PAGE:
Another successful edition of Copenhagen Fashion Week took place from Feb. 5-8. Here, highlights from the key shows.


With its latest edition, CPH Vision took another step towards strengthening Copenhagen's position as an international fashion capital. The opening of the 9,000-sq.-meter Terminal 2 space, which hosted 142 exhibitors, was the highlight of this fair season. Located in a former maintenance building for locomotives of the Danish railway and offering an industrial charm, high ceilings and lots of space, the new show was home to the urban and streetwear segments. “The atmosphere here is much more relaxed, the message clearly arranged,” said Emil Holmström, Sales Manager Sweden of G-Star. CPH Vision, renamed as Terminal 1, meanwhile, provided a more intimate and exclusive platform for 185 contemporary women’s brands in the 5000-sq.-meter Oksnehallen. For the most part, visitors and buyers were in a good mood. “Everybody talks about the crisis, but we didn’t feel any of it on these days,” said Naja Munthe, Designer of Munte plus Simonsen, who recently split from her partner Karen Simonsen and currently manages the brand herself. “Since opening Terminal 2, CPH Vision has become more calm and the exhibiting labels get along better – we welcome that a lot,” she added. According to organizers, 24,357 trade visitors came to see CPH Vision and Terminal 2. Of that number, 13,045 visited CPH Vision and 11,312 visited Terminal 2.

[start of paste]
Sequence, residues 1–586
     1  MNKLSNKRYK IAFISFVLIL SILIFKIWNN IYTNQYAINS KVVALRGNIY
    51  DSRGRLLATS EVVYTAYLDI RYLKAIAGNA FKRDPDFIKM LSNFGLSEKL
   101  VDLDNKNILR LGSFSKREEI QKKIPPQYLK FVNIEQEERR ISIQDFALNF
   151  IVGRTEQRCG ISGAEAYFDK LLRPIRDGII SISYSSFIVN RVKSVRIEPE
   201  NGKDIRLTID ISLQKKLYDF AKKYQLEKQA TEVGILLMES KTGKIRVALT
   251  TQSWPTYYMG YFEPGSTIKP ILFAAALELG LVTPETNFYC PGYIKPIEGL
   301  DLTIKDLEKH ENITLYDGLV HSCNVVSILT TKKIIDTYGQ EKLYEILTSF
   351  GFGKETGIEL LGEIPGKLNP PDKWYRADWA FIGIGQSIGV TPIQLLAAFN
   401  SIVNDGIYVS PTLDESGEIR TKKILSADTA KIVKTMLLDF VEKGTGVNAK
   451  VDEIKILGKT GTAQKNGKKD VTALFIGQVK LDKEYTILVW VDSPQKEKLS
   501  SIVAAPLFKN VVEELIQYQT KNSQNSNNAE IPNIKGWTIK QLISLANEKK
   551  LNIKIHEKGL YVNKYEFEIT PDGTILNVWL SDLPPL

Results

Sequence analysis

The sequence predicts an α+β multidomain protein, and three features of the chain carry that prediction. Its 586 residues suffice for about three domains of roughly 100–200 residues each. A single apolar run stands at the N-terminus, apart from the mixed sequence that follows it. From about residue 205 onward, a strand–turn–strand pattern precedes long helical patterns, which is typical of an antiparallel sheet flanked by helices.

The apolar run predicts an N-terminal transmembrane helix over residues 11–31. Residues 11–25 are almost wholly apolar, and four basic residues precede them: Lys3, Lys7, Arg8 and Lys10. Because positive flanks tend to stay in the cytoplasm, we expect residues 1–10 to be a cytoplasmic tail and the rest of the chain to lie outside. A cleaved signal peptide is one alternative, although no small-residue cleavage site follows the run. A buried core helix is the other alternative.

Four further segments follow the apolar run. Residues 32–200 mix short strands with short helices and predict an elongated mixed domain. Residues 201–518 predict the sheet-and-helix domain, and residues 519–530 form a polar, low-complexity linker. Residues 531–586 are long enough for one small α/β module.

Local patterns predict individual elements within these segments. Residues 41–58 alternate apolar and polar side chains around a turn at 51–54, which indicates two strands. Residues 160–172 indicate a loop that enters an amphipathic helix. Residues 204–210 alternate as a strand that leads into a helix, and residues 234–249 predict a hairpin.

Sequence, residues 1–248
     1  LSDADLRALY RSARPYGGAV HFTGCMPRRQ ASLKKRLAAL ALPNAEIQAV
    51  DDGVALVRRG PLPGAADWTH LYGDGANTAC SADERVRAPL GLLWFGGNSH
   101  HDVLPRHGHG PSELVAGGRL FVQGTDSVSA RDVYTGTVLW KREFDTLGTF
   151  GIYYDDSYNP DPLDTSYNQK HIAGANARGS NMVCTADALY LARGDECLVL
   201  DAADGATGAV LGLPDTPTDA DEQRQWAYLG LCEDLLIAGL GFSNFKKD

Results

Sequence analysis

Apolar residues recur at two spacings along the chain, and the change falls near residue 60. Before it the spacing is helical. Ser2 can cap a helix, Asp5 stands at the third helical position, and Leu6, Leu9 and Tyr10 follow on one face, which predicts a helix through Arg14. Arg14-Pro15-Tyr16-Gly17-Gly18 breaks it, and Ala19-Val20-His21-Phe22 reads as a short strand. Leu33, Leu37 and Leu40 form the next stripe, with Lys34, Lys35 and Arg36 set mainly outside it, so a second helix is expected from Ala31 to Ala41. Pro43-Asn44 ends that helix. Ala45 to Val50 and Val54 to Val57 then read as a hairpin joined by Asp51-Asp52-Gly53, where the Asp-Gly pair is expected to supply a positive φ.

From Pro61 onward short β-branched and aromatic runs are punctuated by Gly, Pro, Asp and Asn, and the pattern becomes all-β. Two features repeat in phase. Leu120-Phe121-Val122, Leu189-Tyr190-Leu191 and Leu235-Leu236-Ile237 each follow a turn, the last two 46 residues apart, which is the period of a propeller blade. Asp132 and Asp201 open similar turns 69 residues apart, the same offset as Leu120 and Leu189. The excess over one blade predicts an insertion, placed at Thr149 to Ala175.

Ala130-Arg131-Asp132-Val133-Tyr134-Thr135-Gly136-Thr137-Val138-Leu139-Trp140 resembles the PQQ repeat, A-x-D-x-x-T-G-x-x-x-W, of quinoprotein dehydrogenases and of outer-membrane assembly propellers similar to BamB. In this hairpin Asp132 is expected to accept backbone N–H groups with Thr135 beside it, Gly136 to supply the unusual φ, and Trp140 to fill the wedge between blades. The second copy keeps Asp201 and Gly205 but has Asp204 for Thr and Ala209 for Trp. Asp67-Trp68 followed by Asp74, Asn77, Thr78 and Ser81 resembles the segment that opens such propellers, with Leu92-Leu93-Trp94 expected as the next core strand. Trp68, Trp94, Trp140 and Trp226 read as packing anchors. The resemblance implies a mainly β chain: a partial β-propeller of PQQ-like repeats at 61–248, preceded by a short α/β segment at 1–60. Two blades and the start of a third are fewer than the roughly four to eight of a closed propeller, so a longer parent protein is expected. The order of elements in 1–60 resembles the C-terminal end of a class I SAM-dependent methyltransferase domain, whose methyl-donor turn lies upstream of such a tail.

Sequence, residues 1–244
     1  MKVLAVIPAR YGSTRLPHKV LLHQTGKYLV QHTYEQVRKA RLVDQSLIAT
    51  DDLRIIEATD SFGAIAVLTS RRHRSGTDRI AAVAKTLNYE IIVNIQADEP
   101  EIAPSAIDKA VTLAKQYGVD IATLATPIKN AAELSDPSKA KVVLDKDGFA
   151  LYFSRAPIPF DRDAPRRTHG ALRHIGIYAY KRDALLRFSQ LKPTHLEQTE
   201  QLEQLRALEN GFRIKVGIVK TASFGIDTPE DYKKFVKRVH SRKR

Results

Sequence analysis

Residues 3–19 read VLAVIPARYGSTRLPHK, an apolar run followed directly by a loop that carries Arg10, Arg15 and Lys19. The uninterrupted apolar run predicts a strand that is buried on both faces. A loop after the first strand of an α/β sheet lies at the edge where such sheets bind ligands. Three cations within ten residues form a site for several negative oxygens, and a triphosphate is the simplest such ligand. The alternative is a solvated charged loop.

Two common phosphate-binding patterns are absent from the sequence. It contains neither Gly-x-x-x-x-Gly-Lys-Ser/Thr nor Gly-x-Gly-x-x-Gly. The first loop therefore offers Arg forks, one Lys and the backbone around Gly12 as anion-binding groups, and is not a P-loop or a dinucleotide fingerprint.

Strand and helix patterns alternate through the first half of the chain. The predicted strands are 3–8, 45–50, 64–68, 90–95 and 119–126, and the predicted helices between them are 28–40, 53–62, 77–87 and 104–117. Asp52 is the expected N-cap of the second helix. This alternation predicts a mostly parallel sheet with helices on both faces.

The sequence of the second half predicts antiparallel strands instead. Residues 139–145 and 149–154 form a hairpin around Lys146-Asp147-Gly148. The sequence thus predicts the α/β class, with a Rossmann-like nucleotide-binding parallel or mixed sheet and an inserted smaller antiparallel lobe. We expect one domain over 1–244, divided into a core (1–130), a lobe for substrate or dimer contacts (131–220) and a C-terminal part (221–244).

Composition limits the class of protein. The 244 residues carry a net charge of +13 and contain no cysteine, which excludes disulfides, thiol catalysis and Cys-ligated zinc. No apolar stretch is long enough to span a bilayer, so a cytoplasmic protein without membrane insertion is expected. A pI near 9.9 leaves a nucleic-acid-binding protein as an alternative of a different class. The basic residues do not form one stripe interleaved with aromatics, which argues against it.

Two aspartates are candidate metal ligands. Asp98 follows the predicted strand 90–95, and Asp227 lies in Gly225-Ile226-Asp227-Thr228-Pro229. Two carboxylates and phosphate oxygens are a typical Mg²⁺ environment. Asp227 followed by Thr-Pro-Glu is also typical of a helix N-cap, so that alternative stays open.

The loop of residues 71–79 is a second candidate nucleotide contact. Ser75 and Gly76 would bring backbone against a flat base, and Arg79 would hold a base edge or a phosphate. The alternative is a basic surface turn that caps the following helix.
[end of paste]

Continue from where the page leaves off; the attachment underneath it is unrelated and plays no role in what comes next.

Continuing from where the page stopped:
Copenhagen’s new luxe trade show Gallery was not affected at all by the economic crisis and drew even more trade visitors than its previous February edition: 12,316 buyers came to the show – an increase of 5% compared to last year (Feb. 2008: 11,732 visitors). As CEO Christian Gregersen explains, the increase is mainly due to the attendance of non-Scandinavian buyers. One hundred and fifty exhibitors including Whyred, Acne, Tiger of Sweden and Fifth Avenue Shoe Repair presented their A/W 2009-10 collections over four days at the Forum Copenhagen. “We are very satisfied with the brand portfolio here,” said Johan Wikström, a Sales Rep for Whyred. “The overall attendance seemed to have decreased compared with last season,” yet “the international audience has clearly increased over two seasons.”


The highlight of CIFF was the trendshow, organized by trend manager Ulla Skjødt. “We do research by leafing through the lookbooks of all the casual brands,” she explained. “Then we filter out the major trends.” For A/W she sees four main trends: a vintage gold-digger look made of checked raw materials such as tweed and flannels combined with raw denim; a multi-layered “bewitched” look comprising pastel-colored soft fabrics for skirts, trousers and jackets, and opulent knits; a “dandy manifesto” for girls and guys with tailored tuxedo trousers, waistcoats and striped shirts with ascots; and “techno folk,” where colors, materials and silhouettes are mixed in an eclectic fashion. This edition of CIFF was visited by 29,405 buyers, constituting a decline of 9% in comparison to February of last year.

Following Fashion Week in which buyers contended with a packed program and fairs in different locations across town, Gallery CEO Christian Gregersen confirmed significant changes to the next edition on Aug. 6-9. “CPH Vision, CIFF and Gallery have signed a letter of intent where we will work on a united platform,” he said. “We are already working on a stand in the airport and press shuttles. In August this could also include shuttle buses, international marketing and a buyers’ contact center. And maybe in February 2010 we could have a joint entrance like CIFF and Gallery have now.”

—Karin Leiberg, Barbara Stockinger-Torelli